“…you can do everything else right, but if you commit any one of eight critical errors … the test is over and you flunk on the spot.”
Last April I posted a blog about seniors, their automobiles and their driver’s licenses. I wrote, in part, “…to a certain group of seniors, a car is not a car. It is not a physical object. That group includes all the people who have reason to believe the DMV may revoke their driving privileges…
“To them, their car is a concept, an abstraction that is crucial to their daily existence. A car is independence. A car is freedom. A car means being able to go places to buy groceries or keep dental appointments or see a movie or play bridge or golf or visit a friend. It means that, if the medical need arises, people can transport themselves or others to urgi-care or even to the ER. And at the frivolous end of the spectrum, it means that when, at the last minute, Mrs. R. realizes she’s out of oregano for an entrée, she can, spur of the moment, run out and get some.”
I was rather passionate about the subject because a friend ours, whose husband is virtually incapacitated, had just had her renewal denied by the DMV. Judging from what we heard about her driving test, the denial was totally justified.
All of that was somewhat theoretical last April, but months later, theory turned into reality when the DMV said my license was up for renewal by January 2, my eighty-first birthday. Instantly I began worrying. Because of a vision problem in one eye, I knew I might have to take a behind-the-wheel driving test instead of just a written test.
I had done this once before, five years ago, and passed, but not without trepidation. It was a dark and stormy night — no kidding, it really was! The time was about 4:45 p.m. on one of the shortest days of the years, and it was gloomy and hugely raining, The examiner hopped in my car and, after some preliminaries, off we went onto the rain-slickened thruway.
“Turn right and get on the freeway,” he said.
Mind you, it is rush hour on the last work day before Christmas. The freeway was absolutely jammed. I was about to enter traffic when a guy on the freeway says, “Oh no you won’t!” and tried to head me off.
“Yikes!” the examiner says, but eventually I get on. I figured I had flunked the test right there, but no, we drive on and I pass.
So now I was up for renewal again with this near miss still dominating my memory. On the appointed day I go to the DMV and pass the written test with flying colors. But because of my squirrely right eye I flunk the vision test. Fortunately I have a DMV form from my ophthalmologist certifying that in spite of my handicap, I can see quite well enough to drive.
The DMV procedures say if you have taken a vision driving test, which I had five years earlier, you don’t have to repeat it. The woman at the window will have none of that…”You’re legally blind in your right eye. Take the driving test.”
“But the procedures say…”
“Take the driving test.”
So I do. The examiner turns out to be the same guy I had five years ago. He’s older and actually a cool guy. I’ve been sweating this. If you are a regular reader, you know Mrs. R. has been in an out of the hospital and a skilled nursing facility much of the time since Thanksgiving. For the time being, she can’t drive. If I flunk, I can’t drive to visit her, to take her to appointments, to … well to do anything.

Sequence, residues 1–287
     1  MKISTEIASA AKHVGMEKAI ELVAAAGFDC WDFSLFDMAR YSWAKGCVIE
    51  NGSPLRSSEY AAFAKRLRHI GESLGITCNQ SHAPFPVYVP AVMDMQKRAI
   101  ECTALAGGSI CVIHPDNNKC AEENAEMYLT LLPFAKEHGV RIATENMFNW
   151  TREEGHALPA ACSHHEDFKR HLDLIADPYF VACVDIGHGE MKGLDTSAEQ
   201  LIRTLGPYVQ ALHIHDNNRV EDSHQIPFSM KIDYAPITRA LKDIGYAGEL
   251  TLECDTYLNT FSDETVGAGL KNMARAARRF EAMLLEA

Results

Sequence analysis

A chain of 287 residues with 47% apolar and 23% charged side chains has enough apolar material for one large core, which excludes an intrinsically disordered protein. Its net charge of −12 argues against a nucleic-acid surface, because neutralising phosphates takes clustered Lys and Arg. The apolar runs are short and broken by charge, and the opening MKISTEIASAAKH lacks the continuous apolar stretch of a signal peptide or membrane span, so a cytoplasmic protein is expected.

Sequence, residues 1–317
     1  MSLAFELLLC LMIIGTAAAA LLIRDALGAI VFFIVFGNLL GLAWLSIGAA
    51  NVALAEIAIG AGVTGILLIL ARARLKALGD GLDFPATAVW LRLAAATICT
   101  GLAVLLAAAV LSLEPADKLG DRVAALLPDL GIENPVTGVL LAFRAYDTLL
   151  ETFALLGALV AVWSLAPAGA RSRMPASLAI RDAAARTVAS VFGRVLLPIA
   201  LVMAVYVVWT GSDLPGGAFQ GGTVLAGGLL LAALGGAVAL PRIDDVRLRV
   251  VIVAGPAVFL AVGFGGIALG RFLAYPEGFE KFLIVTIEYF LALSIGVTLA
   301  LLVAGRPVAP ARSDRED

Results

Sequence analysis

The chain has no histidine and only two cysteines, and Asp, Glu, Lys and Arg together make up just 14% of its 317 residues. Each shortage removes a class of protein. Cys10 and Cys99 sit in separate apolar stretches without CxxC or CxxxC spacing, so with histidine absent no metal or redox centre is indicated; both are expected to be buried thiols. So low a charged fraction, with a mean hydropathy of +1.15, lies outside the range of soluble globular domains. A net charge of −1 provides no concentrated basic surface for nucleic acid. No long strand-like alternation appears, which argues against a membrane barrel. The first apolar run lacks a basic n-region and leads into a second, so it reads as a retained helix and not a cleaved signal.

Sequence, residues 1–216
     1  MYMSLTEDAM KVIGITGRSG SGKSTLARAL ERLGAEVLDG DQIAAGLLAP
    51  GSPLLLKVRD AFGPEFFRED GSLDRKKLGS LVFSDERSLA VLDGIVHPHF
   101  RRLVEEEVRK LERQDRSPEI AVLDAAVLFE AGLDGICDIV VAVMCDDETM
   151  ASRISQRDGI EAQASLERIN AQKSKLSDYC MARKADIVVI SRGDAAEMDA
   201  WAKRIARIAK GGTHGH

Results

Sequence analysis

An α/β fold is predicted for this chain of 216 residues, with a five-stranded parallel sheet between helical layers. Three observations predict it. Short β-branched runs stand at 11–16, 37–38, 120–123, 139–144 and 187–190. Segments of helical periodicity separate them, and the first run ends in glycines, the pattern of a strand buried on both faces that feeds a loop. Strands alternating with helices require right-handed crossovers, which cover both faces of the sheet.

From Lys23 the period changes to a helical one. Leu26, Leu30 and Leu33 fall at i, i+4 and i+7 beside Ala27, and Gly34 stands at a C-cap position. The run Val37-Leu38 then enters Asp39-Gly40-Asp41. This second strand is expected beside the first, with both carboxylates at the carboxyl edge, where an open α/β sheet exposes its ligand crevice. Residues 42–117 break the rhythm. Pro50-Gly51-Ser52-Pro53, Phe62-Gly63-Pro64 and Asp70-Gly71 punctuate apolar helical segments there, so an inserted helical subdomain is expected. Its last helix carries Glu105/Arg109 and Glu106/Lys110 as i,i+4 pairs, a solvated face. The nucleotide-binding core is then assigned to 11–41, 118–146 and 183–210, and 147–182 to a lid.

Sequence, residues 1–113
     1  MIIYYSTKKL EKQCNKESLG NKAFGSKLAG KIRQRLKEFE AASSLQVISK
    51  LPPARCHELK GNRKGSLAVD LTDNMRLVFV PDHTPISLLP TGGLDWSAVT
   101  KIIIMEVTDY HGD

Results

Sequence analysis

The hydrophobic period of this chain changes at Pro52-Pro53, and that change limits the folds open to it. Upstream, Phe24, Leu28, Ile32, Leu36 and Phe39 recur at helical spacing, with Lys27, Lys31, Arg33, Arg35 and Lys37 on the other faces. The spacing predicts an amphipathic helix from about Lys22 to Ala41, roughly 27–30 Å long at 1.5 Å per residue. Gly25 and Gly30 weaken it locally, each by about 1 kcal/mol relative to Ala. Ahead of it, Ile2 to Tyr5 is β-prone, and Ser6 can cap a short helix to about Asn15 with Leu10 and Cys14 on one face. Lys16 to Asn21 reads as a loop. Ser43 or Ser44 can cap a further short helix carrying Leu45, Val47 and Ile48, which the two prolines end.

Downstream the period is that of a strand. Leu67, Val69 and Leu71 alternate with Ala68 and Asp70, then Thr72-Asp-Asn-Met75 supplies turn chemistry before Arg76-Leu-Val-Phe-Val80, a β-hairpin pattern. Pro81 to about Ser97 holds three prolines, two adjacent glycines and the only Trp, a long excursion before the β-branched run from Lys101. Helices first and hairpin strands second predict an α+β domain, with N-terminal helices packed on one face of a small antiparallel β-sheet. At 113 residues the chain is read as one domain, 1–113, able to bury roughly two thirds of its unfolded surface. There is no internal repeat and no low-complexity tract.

Unlike the conditions on my earlier test, it’s a sunny afternoon. “Turn right and get on the freeway,” the examiner says. I do so.
“Move to the left one lane.” I signal. Then I do my best to check my blind spot, which is difficult because of all the arthritis in my upper body. Apparently there was no one in that lane because we move over without hearing the crash of metal on metal.
A while later he says, “Get in the right lane and pull off the freeway.”
After a while on a quiet surface street, he tells me to pull over, park, and then demonstrate I can back up in a straight line without hitting the curb. You actually get three chances to do this, but I succeed on the first.
Throughout the entire drive I am conscious that you can do everything else right, but if you commit any one of eight critical errors — make an unsafe lane change, fail to yield to vehicles or pedestrians, fail to make a complete stop, etc. — the test is over and you flunk on the spot. I normally wouldn’t do any of that, but when you’re nervous you do odd things.
We get back to the DMV and I think the test is over, but not so. In the parking lot he tells me to get into the outgoing lane. I turn right and do so.
“That was a right turn,” he says. “You didn’t put on your turn signal.” We come to a stop and the examiner still doesn’t tell me if I passed but instead launches into a lecture on checking blind spots. Apparently he thinks this is what pedagogues call a “teachable moment.”
“Well you passed,” he says at last. Given his tone of voice, he might have added “but I have no idea how you did.”
We get out of the car. “Follow me inside,” he says. The place is mobbed and the lines are out the door, so I figure I’m in for at least a half-hour wait in line. But the examiner marches me past the crowd. Then, gesturing occasionally at me, he has a few words with the guy behind the counter, who will approve my exam score. I really couldn’t hear what they said, but suddenly the guy behind the counter smiles, looks over and points at me. Instantly I am first in line. It was a terrific way to end several months of worry.